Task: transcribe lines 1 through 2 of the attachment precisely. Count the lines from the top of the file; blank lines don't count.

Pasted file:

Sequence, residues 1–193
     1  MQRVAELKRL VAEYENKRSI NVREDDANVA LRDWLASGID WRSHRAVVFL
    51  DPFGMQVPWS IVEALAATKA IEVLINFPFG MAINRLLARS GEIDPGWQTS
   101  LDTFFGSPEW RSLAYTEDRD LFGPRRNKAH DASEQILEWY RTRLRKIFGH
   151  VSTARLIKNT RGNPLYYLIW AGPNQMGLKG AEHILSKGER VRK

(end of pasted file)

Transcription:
Sequence, residues 1–193
     1  MQRVAELKRL VAEYENKRSI NVREDDANVA LRDWLASGID WRSHRAVVFL